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Download free endangered
species ringtones:
The New York Times, January 1, 2009

When the Call of the Wild Is Nothing but the Phone in Your Pocket
By Felicity Barringer

Remember when cellphone ring tones mostly advertised personal musical tastes (Beyoncé, Metallica, “The 1812 Overture”) or parental
pride (babies cooing)? The chance to make political statements with this seemingly omnipresent speaker system went largely unexploited. But that was before endangered-species ring tones were born.

Now, from Siberia to the ski slopes of the French Alps, from Manitoba to Brazil, tens of thousands of phones howl, hoot, trill, screech, croak or emit the haunting song of whales. The Center for Biological Diversity, an environmental group based in Arizona known more for litigating on behalf of endangered creatures than building a choral repertoire around them, introduced the ring tones in 2006 and has been counting downloads the way Billboard counts album sales. The new tally: 200,000, a milestone of sorts. (They are most popular, after the United States and Britain, in China and Iran.)

Bumper stickers produce instant reactions, pro and con, said Peter Galvin, the center’s conservation director. But with wildlife sounds,
Mr. Galvin added, “people don’t already have their fi lters on for how they receive that information.”

“It’s powerful,” he continued. “Any kind of music or sound infl uences people and how people think.”

Renditions of frogs and owls consumed researchers in the early days. But the list of more than 80 sounds has expanded to include animals that, though not yet endangered, can belt it out with the best of them, like the pika, a rodent dwelling in the Southwestern mountains in the United States, whose cool climes are threatened by climate change. The killer whale and the Mexican gray wolf, both endangered, are currently Nos. 1 and 2 on the charts.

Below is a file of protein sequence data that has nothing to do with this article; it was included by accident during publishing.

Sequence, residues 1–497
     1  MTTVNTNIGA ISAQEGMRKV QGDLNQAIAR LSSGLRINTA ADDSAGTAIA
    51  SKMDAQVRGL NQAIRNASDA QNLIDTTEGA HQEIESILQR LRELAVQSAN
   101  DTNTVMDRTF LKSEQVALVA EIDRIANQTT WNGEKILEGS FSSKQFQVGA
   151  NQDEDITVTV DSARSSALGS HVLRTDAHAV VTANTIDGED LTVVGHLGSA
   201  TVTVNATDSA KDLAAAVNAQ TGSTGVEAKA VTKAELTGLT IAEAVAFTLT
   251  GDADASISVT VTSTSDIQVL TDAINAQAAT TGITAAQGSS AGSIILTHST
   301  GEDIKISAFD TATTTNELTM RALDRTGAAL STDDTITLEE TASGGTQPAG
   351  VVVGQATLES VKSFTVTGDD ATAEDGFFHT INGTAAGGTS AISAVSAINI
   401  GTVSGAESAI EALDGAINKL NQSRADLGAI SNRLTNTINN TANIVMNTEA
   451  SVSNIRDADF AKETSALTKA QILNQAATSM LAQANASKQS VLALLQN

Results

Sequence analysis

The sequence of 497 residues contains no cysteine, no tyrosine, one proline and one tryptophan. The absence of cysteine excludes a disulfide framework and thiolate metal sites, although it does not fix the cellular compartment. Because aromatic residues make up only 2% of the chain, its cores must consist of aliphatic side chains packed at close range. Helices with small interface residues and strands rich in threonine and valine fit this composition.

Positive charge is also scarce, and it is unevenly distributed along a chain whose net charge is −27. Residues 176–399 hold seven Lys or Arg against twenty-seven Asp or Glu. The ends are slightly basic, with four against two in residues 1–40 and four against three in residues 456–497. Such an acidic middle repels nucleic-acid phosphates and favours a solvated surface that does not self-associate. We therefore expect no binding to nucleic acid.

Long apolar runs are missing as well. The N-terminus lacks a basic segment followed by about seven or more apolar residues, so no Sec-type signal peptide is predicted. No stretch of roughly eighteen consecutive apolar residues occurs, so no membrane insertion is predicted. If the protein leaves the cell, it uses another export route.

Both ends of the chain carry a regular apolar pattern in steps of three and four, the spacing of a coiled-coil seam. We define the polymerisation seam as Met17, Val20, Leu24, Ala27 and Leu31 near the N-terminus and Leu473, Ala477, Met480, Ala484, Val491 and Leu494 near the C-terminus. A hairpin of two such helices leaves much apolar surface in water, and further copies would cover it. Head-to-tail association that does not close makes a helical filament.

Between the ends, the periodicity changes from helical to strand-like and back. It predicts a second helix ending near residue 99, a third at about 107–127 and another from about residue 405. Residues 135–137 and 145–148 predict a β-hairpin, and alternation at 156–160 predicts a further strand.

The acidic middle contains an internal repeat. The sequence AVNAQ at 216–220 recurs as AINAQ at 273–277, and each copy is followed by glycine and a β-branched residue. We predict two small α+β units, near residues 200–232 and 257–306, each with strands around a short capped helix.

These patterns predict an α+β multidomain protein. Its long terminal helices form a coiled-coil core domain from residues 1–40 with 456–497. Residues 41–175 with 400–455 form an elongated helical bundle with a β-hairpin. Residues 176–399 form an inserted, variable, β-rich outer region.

The more endangered a bird or beast, the harder to record it. Jon Slaght, a Ph.D. candidate in wildlife conservation at the University of
Minnesota, spent days slogging recording gear around the Russian Far East, in minus-30-degree weather, to get not just the hoot of the world’s largest owl — the Blakiston’s fish owl — but also the far less melodious cry of its offspring. It is this juvenile call that now summons Mr. Slaght to the phone.

“It’s a little embarrassing when I’m in a public place,” he said. “It’s a really grating, unpleasant noise.” But, he added, “it does get you to answer your phone.”

t is incumbent upon downloaders to remember what they downloaded. Grace Matthews, a 19-year-old biology student at the University of Birmingham in England, took a skiing holiday last week in the French Alps. At one point, she skied away from her companions and into a snowy, dusky forest area. Alone, moving at a good clip on the steep slopes, she was startled by the howl
of a wolf.

“I very nearly crashed,” Ms. Matthews said in an interview. In a separate e-mail message, she added, “It took me several long moments to realize I was being phoned, and not hunted.”

Photo © Paul S. Hamilton